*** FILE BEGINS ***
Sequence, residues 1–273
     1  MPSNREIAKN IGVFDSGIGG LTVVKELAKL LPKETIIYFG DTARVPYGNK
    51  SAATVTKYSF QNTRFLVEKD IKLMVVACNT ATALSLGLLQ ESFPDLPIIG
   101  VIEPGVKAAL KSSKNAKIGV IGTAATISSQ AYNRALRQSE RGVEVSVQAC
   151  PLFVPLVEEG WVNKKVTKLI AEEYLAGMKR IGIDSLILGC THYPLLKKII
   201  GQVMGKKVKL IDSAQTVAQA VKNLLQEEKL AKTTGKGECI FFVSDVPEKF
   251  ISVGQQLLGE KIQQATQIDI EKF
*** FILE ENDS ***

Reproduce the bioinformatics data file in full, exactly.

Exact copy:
Sequence, residues 1–273
     1  MPSNREIAKN IGVFDSGIGG LTVVKELAKL LPKETIIYFG DTARVPYGNK
    51  SAATVTKYSF QNTRFLVEKD IKLMVVACNT ATALSLGLLQ ESFPDLPIIG
   101  VIEPGVKAAL KSSKNAKIGV IGTAATISSQ AYNRALRQSE RGVEVSVQAC
   151  PLFVPLVEEG WVNKKVTKLI AEEYLAGMKR IGIDSLILGC THYPLLKKII
   201  GQVMGKKVKL IDSAQTVAQA VKNLLQEEKL AKTTGKGECI FFVSDVPEKF
   251  ISVGQQLLGE KIQQATQIDI EKF